Big Pharma Price-Gouging in America
by Stephen Lendman (stephenlendman.org – Home – Stephen Lendman)
In an earlier article, I explained the following about Big Pharma:
The industry is one of the most profitable in the country, making about 18 cents profit on every dollar of sales.
It’s aided by government using our tax dollars to fund research on new drugs – the industry gets to sell at exorbitant prices.
It spends about twice as much on advertising, promotion and administrative costs as on R & D to develop new drugs.
Prices charged for prescription drugs in America are inordinately high compared to virtually all other countries – around double the cost of other developed nations.
They’re rising at around four times the rate of inflation. So are prohibitive costs for insurance and hospital care.
Companies increasingly are forcing employees to share a greater cost burden, along with reducing overall healthcare benefits.
A virtual regulation-free healthcare industry when it comes to pricing facilitates gouging consumers – making proper healthcare, or enough of it, increasingly unaffordable for millions of low and medium-income households.
Perhaps more than any other industry, Big Pharma bandits exploit US consumers for huge profits, rising exponentially for some drugs (new and old), an untenable situation without constraining them legislatively.
When undemocratic Dems controlled Congress under Obama and the Clinton co-presidency, they enacted no laws constraining unacceptably large drug price increases.
With Republicans controlling the administration, House and Senate, they disingenuously support what they rejected when it mattered – doing nothing about it, servile to industry interests.
Obamacare omitted the right to import cheaper drugs from abroad, notably Canada. It failed to mandate lower prices for Medicare-eligible households, a no-brainer it rejected.
NBC News earlier reported that “(p)aying for medicine can be the most expensive out-of-pocket health cost for Americans.”
The sky’s the limit when it comes to pricing, nothing constraining drug industry bandits charging whatever they want, no ceiling imposed on them.
An army of industry lawyers and lobbyists pressures Congress against regulating prices. Large campaign contributions to key House and Senate members buy Big Pharma what it wants.
The 2016 undemocratic Dem platform rejected universal healthcare. It excluded a mandate for lower drug prices.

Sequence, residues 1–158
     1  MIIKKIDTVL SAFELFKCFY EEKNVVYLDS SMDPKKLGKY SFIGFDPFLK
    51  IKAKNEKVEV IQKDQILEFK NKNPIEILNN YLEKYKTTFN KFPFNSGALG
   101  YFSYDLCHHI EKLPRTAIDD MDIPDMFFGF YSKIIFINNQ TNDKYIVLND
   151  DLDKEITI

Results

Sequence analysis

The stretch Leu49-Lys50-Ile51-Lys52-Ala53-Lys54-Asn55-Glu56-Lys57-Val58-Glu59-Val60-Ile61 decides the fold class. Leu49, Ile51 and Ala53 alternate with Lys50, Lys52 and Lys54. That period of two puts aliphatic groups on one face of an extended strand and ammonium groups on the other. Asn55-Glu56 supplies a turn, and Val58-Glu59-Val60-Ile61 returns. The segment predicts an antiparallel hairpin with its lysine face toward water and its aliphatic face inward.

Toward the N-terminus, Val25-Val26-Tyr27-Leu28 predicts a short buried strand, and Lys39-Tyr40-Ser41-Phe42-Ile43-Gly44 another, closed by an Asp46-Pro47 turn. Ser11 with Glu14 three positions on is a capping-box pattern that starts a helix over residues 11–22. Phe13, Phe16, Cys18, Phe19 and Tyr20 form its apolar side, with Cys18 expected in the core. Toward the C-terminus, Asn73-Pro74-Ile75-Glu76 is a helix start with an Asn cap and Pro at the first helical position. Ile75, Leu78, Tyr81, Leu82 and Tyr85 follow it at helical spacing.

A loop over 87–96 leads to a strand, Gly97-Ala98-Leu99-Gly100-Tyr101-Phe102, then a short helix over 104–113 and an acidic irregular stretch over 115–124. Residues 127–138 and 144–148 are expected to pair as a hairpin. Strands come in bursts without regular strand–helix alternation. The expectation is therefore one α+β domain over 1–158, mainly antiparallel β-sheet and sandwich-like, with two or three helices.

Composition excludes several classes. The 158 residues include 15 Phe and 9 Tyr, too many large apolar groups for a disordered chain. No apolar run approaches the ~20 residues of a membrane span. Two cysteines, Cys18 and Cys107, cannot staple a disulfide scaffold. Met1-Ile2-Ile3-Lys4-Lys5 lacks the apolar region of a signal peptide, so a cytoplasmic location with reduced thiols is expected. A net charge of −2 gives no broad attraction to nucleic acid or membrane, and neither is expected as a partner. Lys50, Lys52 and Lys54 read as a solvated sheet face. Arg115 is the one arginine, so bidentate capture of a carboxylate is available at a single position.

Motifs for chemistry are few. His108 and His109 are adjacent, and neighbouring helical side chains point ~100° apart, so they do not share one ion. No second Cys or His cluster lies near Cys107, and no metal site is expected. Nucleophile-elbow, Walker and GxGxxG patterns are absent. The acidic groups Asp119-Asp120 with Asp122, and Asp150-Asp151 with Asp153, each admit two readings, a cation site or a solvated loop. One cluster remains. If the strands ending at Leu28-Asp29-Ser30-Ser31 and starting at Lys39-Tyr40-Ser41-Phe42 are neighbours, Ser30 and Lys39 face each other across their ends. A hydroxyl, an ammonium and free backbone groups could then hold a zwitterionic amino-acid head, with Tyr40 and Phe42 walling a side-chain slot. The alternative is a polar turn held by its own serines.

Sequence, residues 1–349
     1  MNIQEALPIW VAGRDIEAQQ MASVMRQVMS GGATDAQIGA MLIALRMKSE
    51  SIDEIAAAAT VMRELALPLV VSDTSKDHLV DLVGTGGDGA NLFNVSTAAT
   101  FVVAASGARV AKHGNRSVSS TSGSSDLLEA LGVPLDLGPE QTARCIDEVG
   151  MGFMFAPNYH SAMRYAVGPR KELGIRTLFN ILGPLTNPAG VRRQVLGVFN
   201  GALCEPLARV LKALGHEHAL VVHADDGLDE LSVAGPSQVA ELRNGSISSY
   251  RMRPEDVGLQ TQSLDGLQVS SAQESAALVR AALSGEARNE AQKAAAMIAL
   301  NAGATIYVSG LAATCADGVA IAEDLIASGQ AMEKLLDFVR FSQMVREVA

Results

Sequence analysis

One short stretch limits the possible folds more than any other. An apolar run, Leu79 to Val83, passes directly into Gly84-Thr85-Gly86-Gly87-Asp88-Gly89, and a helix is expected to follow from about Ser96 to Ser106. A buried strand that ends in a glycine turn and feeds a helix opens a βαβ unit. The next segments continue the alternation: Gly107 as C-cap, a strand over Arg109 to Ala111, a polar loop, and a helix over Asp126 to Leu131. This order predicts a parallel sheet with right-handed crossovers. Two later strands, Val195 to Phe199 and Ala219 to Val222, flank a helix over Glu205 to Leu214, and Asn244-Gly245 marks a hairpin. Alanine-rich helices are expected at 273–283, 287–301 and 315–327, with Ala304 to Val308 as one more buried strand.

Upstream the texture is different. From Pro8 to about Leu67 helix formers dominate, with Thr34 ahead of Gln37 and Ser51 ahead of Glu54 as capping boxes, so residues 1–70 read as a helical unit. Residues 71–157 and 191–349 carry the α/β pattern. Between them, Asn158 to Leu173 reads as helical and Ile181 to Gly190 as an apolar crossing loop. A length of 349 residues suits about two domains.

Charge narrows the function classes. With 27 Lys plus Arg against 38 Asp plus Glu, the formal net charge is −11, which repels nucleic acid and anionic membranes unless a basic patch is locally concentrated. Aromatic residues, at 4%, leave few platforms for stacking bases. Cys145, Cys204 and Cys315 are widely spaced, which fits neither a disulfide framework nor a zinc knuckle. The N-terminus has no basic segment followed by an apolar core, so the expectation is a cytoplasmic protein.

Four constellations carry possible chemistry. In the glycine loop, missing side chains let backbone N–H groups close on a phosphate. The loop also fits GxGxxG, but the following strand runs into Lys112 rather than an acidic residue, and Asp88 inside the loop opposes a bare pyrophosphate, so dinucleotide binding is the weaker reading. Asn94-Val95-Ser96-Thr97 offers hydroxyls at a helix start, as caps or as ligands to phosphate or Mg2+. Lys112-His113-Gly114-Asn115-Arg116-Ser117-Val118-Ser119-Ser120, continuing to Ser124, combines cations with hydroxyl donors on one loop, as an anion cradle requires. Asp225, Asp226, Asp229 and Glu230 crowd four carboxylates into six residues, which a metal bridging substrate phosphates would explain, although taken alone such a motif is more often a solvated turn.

It included weasel words about “advancing our party’s progressive ideals…addressing the needs of all Americans” – meaningless rhetorical promises abandoned when controlling the White House and Congress.
Last March, disingenuous Senate Dems introduced the “Improving Access to Affordable Prescription Drugs Act.” The measure went nowhere with Republicans controlling Congress.
Why didn’t they introduce this measure when Dems controlled both houses with Obama in the White House? Why now and not then?
Simple, because they’re beholden to industry bandits like Republicans, gorging at the trough of industry campaign contributions – introducing consumer-friendly legislation only when passage won’t happen, not when it’s assured.
Disingenuous Dems are at it again. Last October, House and Senate members introduced “The Medicare Drug Price Negotiation Act of 2017” – a meaningless head-fake gesture, the measure having no chance of passage and enactment into law by Trump.
If the unexpected happens, the measure won’t be enforced, leaving drug industry bandits free to continue ripping off consumers.
The bill calls for the HHS secretary to negotiate lower drug prices under Medicare Part D. Currently around two-thirds of Medicare recipients have drug coverage – nearly 20 million households without it.
All Americans deserve affordable healthcare, including for prescription drugs. The only acceptable option is universal coverage.
Anything less continues unacceptable marketplace medicine – predatory insurers, large hospital chains and drug industry bandits ripping off consumers for big profits.
A Final Comment
Augie Lindmark, Vanessa Van Doren, Bryant Shuey, and Andy Hyatt are aspiring doctors, medical students looking forward to their careers after extensive training.
“We are America’s future doctors. We support a Medicare-for-all health system,” they headlined, saying:
“Both Republican and Democratic efforts have done little to change the fact that thousands of Americans die from lack of health coverage.”
“America’s fragmented and inequitable health system is a sinking ship and recent fixes – often in the form of private health insurance industry bailouts or shutouts – are like placing tissue paper over the leaks in this doomed vessel.”
“As medical students, we occupy a unique seat from which to view America’s health system. Our inexperience means we haven’t been indoctrinated into the damaging practices of the private health insurance industry.”
“Our optimism tells us that the system can be changed. We entered medicine out of a desire to help people.”
“But if we participate in a flawed health care system without advocating for structural and equitable change, we trend toward hypocrisy rather than Hippocrates.”
Encouraging comments from youths wise for their age. Sadly, corrupt bipartisan politics in Washington defeats their noble aims.
My newest book as editor and contributor is titled “Flashpoint in Ukraine: How the US Drive for Hegemony Risks WW III.”